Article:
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I'm trying to build an analog synth. I'm reasonably adept in electronics but I have a problem. Its going to be a polyphonic so I want to have one pot controlling 4 oscillators because quad ones are expensive and I'm sure there must be a better way to do it. Is there a chip that could be used or is there something else I'm missing???

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  • \$\begingroup\$ "cos" = "because" in UK casual use. \$\endgroup\$ – Russell Borogove May 6 '18 at 20:15
  • \$\begingroup\$ Please post a schematic of the design, it's impossible to say otherwise. \$\endgroup\$ – awjlogan May 6 '18 at 20:50
  • \$\begingroup\$ If they are VCOs then there shouldn't be a problem, just feed the same voltage to each. \$\endgroup\$ – Spehro Pefhany May 6 '18 at 21:41
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Building a polysynth is quite a bit different chore from building a monosynth. Don't expect you can simply just take a mono synth voice, replicate that n times, and somehow magically wire them up as a polysynth.

The trick is that the voice has to be entirely voltage controlled, including all the static parameters that in a mono synth would be controlled by a simple potentiometer or a switch (switches would usually be replaced by a 4053 analog switch or a more modern equivalent). Then you use a microcontroller to generate control voltages and switch signals for the voices, and to read the keyboard, MIDI, digitize the front panel potentiometers and so on. As a free side-effect it's now quite trivial to implement patch storage on the micro.

If you do that naively, for \$k\$ analog parameters and \$n\$ voices you need \$kn\$ DAC channels, plus a bunch of digital outputs for the switches. As even a simple synth voice can easily have 20 parameters, for 8 voices you'd need 160 DAC channels! So the first thing you do is that you of course use just one channel to feed all of the parameters that are identical between voices (typically everything else except pitch control and envelope gates). This is why analog polys are typically not fully multitimbral. The second thing is that you use an analog multiplexer and sample-and-hold (such as a 4052, a hold cap and an opamp buffer) to generate the control voltages (if you're hand building a one-off instead of a commercial product, you might want to just splash out for a lot of multichannel SPI DAC's though, just to save up on soldering at the expense of a lot higher component cost).

By the way, you can probably see at this stage that writing the software for the microcontroller is not a completely trivial task...

In the modern day and age, your biggest challenge in the analog sense is to have an ADSR where the A, D, S, and R are all voltage controlled, without using a huge number of components per voice. Most modern polys solve this by having digital envelopes (but then this means that there's a DAC channel per voice for each of the envelopes, since their output will typically be different), whereas older polys typically had an ADSR IC. As it happens, such an IC is again in production, though it's not cheap: AS3310.

The details on how to do the multiplexing, converting typical monosynth circuits to complete voltage control and so on, are way too long for a EE.SE answer. However, you can get the idea, and a lot of inspiration, by studying the service manuals of the old classics, containing full schematics, many of which are readily found on google. Out of the really big names, at least the OB-Xa and Jupiter 8 schematics are immediately available. Note though that much of the details of the computer control can be done much easier today, since back then microcontrollers with integrated everything didn't yet really exist, so don't try to slavishly copy everything in these manuals.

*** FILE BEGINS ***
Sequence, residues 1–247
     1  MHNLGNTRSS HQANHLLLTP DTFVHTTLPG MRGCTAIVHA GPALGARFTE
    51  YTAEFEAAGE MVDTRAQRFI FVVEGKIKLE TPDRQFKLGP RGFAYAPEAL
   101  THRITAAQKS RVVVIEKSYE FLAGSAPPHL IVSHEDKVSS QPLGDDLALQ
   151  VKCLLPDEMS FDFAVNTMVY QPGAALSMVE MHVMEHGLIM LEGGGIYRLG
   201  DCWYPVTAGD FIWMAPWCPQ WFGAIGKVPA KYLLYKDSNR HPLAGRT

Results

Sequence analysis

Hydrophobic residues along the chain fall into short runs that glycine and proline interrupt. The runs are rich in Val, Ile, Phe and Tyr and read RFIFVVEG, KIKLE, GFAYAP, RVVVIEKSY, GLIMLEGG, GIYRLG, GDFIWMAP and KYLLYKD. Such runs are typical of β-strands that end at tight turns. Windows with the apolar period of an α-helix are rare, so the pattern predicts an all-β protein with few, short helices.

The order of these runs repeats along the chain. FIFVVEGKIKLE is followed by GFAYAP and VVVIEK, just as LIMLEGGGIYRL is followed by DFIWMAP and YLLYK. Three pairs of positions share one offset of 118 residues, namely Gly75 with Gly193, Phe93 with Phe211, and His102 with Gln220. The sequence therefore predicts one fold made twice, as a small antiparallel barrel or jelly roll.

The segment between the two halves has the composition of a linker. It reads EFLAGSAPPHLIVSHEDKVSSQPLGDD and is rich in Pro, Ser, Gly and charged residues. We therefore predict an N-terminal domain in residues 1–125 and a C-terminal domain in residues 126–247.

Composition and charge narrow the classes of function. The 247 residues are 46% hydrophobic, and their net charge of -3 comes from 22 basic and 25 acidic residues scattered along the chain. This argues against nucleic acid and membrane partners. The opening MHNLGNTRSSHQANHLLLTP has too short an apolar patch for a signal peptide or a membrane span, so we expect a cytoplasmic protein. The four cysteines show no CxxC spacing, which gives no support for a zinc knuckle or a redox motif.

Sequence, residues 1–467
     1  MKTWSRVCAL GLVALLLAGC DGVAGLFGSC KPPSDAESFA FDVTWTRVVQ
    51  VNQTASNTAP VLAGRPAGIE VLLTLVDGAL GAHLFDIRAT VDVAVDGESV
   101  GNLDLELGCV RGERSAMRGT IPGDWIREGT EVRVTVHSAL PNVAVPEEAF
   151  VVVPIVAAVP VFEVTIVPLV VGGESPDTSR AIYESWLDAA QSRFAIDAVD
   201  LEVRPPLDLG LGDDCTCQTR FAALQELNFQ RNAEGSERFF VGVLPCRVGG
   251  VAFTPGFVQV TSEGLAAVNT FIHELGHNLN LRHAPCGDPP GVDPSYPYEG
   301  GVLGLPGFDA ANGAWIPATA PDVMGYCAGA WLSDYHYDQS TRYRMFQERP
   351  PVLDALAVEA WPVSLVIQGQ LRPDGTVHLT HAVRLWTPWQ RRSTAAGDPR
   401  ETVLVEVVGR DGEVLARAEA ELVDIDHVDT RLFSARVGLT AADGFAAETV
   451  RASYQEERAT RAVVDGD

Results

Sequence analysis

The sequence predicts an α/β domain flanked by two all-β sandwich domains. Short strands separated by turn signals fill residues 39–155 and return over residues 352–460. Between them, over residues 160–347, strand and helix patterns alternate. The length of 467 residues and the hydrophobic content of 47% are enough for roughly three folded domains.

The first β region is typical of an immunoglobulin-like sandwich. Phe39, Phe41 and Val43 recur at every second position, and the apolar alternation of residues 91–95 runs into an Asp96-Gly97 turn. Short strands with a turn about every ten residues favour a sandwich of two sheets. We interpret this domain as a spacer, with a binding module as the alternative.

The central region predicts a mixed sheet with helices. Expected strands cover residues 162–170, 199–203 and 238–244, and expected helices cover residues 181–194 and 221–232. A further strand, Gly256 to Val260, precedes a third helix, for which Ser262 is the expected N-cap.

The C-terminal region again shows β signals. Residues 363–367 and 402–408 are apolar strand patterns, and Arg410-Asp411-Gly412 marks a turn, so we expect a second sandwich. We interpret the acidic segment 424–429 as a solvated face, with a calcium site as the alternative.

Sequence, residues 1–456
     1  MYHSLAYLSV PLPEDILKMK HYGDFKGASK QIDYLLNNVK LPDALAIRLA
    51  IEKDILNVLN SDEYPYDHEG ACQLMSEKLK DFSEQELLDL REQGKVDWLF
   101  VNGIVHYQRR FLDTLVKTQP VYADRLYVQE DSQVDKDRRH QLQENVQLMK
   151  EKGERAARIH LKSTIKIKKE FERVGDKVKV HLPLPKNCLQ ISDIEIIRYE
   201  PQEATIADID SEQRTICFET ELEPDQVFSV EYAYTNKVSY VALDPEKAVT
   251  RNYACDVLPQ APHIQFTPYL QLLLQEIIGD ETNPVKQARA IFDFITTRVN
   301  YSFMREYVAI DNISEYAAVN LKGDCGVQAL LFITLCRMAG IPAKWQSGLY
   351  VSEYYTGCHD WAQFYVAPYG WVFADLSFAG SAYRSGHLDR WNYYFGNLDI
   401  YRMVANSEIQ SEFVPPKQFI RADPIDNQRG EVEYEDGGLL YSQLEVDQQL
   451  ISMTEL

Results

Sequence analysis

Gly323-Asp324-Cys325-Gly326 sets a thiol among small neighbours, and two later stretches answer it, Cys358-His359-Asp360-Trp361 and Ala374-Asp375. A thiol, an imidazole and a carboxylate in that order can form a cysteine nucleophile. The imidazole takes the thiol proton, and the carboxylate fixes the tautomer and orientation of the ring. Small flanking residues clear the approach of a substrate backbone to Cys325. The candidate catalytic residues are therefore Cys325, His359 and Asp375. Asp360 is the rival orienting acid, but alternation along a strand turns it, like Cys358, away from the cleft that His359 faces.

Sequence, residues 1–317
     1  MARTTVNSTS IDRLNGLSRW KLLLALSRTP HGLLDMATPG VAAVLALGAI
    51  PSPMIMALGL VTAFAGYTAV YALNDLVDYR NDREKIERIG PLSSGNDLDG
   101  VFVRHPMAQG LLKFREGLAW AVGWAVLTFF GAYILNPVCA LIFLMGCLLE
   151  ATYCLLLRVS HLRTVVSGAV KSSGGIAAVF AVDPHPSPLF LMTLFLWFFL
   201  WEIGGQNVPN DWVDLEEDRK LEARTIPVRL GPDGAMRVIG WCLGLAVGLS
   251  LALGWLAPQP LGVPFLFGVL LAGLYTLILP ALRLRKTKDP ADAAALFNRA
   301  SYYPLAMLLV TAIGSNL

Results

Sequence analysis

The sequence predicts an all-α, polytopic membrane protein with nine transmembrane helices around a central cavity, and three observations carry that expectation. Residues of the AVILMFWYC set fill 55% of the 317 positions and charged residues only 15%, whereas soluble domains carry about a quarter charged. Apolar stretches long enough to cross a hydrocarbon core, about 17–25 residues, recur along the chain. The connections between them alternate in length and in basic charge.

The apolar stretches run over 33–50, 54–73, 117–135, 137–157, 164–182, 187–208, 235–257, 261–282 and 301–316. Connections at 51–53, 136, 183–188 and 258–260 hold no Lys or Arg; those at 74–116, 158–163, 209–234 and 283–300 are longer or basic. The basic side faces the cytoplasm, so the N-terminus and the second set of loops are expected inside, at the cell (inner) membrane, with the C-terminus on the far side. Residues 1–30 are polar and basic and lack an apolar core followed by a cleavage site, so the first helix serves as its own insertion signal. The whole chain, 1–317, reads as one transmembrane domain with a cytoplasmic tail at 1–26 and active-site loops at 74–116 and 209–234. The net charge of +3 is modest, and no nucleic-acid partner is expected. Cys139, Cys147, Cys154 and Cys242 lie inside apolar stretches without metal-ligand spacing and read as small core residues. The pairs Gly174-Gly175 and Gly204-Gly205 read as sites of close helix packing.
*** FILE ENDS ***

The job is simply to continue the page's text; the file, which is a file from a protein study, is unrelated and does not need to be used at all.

So, to sum up: if you want to build a poly, you're signing up for quite a lot more than just replicating monosynth voices. However, it is a rewarding task, and if you want to pursue it I wish you the best of luck (and I, for one, would be interested in reading about your progress on a blog or such, if you're so inclined)!

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  • \$\begingroup\$ @FinSmy Thanks! If you think my answer was helpful, maybe you could accept it as the correct answer? :) \$\endgroup\$ – Timo May 9 '18 at 9:02
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The differences between a Quad pot and a single I can think of are two fold:

  • In a quad pot the load is only 1/4 of the single pot. This can be compensated by using a single pot of four times lower value.
  • If the destination is somehow injecting noise on the signal, on a quad pot this will hardly effect the other channels. In a single pot it will feed to the other channels. In that case you could use a a quad set of Op-Amps in 1x amplify mode. That will also remove the load from the pot but may introduce a bit of noise.
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  • \$\begingroup\$ I'm curious about the type of pot you are describing. Can you post a link to a picture or datasheet for your 'quad pot'? OP, I think, was describing a 4-gang potentiometer. \$\endgroup\$ – Transistor May 7 '18 at 9:03
  • \$\begingroup\$ @Transistor I was talking about a 4-gang potentiometer but using the OP's nomenclature. What I understood he wanted to replicate a one-pot voltage divider, four times but on one axle, thus providing the same voltage four times to four different end-points. \$\endgroup\$ – Oldfart May 7 '18 at 10:47

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